"I think more has been done in the last two years to attempt meaningful reform than at any time in the last 15 years," she says—a startling vote of confidence from one of the SPD's most persistent sparring partners. While other critics use the DOJ report to call for Diaz's head, Daugaard sees it as a reflection of patterns established long before the chief took charge.
She looks instead at the way the SPD, under Diaz, changed its trespassing policy, long attacked by TDA and others as unconstitutional. The old policy empowered officers to ban misbehaving individuals from a given property, even if they wanted to come back to do something harmless—say, buy a carton of milk from a store. Now officers ban only specific behavior—you can't sleep under this doorway, for example. SPD commanders made the change voluntarily and enthusiastically, Daugaard says.
She also notes that the new chief put the widely respected Brown in charge of training. He's gone on to ask for dash-camera tapes showing alleged problematic behavior by officers. "Nobody ever asked us for that before," she says.
Then there's the "progressive" bent, as Daugaard sees it, to the talk that is happening within the SPD about the Belltown list, as typified by Sanford. Yet not everybody within the SPD sees the list in the same way, which is obvious from a walk around Belltown with its best-known beat cops.
Besaw and Burns share just about everything. They have the same build (burly) and age (middle). They were best men at each other's weddings, have been close since childhood when they both knocked around West Seattle's Hiawatha Playfield, and also share similar views on crime and policing, although you're much more likely to hear them expressed by Burns.
"I've been doing this for 23 years. He's been doing it for 25. We are passionate," Burns announces when he introduces himself at the West Precinct. Burns and Besaw have separately worked a variety of beats during that time, but have come together in the past few years to work as partners in Belltown, which they usually patrol by bike.
Today they've agreed to walk, after first making their way by car. "See that guy on the right," Burns says as they approach First Avenue and Battery Street, where a man in a baggy jean jacket is staggering against a wall. "I've arrested him a bunch of times."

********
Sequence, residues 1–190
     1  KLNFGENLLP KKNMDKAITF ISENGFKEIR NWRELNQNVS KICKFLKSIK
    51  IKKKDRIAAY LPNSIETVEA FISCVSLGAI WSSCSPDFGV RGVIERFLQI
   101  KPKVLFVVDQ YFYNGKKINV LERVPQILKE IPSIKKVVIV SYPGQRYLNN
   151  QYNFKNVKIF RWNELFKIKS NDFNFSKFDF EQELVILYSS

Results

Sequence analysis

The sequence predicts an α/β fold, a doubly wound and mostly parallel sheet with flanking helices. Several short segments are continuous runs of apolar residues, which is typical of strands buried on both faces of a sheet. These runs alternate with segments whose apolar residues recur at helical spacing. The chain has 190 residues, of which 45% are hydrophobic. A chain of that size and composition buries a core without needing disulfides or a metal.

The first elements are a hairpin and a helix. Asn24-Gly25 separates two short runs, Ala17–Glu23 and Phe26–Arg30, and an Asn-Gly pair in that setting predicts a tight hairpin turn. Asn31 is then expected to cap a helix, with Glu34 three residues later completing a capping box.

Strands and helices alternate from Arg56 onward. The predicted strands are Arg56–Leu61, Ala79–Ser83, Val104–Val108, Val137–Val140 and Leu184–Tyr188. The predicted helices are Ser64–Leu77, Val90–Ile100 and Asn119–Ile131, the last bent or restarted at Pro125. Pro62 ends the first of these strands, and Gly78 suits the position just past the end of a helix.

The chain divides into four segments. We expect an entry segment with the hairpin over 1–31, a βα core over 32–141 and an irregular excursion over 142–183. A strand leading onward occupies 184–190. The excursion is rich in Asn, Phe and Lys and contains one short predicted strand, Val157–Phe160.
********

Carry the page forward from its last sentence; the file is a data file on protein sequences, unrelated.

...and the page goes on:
"Let's go talk to him," Besaw says.
"I need help," says the man, slurring his words, after the officers have parked and walked over. "Medical detox."
Besaw radios in a request while Burns asks, "Why don't you sit down?"
The man declines, then suddenly starts shouting. "Are you going to shoot me? Are you going to fucking crack my head open?"
"You want us to drive you to detox?" Burns asks, seemingly calm as can be but moving in slightly (he later explains) to contain a possible punch.
"Nah," says the man.
"How come you just said you did? We'll take you up there right now."
"You're going to shoot me, like fucking John T." The man, who appears to be Native American, is referring to John T. Williams, the Native American carver and chronic inebriate shot dead by an officer in August 2010. They continue like this for several minutes until the man wanders off, telling the officers to "shoot my ass, man."
This man is not on the list. But the encounter gets Burns riffing about the frustration officers feel in seeing the same people making the same mistakes over and over. Of the man's familiarity with detox facilities, "What does that say about about the system?" Burns wants to know. To him, it says this: "Nobody ever holds them accountable." It's a theme he will repeat again and again over the next four hours. He says he supports LEAD—indeed, he and Besaw take part in meetings that oversee its administration—but doesn't believe it's for everyone.
"Everybody makes mistakes," he says. "But when they do it 100 times?"